1. Filling Information Gaps with Emphasis on Safety and Efficacy [English/Hindi]: Given that the CTIS and public post data indicated a mostly positive attitude about vaccination, this campaign approach aimed to fill the information deficit and answer people’s questions about vaccine safety and efficacy. This campaign emphasized vaccine safety by outlining the rigorous testing by scientists and promoted efficacy by outlining that vaccines are the best way to limit the spread of COVID-19.
2. Countering the “Wait and See” Approach [English/Hindi]: Given the high proportion of hesitancy being driven by those choosing to “wait and see” if the vaccine was safe, this campaign sought to counter this position with fact-based messaging highlighting the urgency of vaccination using messages like, “Every day you wait to get vaccinated is another day that you could be spreading COVID-19 in your family and community.” This campaign aimed to reassure people, despite the perceived rush to develop and distribute vaccines, that the time for them to be vaccinated is now.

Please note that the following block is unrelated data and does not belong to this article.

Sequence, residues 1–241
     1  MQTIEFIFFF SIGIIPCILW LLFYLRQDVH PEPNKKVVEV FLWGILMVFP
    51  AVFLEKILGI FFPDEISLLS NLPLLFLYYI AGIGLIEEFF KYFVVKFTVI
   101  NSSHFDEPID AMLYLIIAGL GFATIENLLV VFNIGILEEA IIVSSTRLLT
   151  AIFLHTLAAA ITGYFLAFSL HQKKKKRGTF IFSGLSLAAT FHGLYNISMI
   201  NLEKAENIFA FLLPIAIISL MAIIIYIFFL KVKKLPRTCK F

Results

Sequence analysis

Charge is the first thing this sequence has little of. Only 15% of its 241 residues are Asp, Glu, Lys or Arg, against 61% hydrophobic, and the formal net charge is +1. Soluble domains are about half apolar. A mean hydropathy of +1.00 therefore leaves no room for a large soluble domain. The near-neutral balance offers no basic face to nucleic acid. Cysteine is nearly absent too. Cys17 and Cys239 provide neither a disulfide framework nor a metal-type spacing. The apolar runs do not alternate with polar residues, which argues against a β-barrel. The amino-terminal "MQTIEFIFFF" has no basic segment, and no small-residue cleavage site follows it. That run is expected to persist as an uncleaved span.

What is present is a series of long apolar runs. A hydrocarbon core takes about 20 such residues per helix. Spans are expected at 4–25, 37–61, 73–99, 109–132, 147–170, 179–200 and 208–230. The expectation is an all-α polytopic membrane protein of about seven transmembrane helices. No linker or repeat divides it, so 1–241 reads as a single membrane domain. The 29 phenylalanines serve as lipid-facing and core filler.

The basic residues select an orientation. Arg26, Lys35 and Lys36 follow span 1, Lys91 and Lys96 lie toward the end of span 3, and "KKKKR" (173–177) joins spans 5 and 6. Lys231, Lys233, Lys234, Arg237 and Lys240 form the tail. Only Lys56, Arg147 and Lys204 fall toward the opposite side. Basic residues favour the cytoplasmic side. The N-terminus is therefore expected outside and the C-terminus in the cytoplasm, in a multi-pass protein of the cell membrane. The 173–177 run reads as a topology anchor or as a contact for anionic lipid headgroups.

3. National Pride [English/Hindi]: This campaign also sought to capitalize on the social approval expressed in public posts, as well as the national pride that people were expressing at India’s ability to develop its own vaccine and share with other countries (deploying messages like, “Make India #1 in COVID-19 vaccination” and “Don’t let India down, get vaccinated against COVID-19.” This messaging positioned India as a leader in the global fight against COVID-19 and motivated Indians to join the fight by getting vaccinated.
4. Testimonials/Messengers [English/Hindi]: The analysis of public posts revealed that many people were sharing vaccination testimonies and encouraging their friends to get the vaccine and explaining why they chose to get it. Moreover, public posts often expressed appreciation for healthcare workers. Leveraging these insights, this campaign focused on personal stories of successful vaccination through trusted peers, family members and healthcare workers. The content emphasized minimal side effects and desire to return to normal life.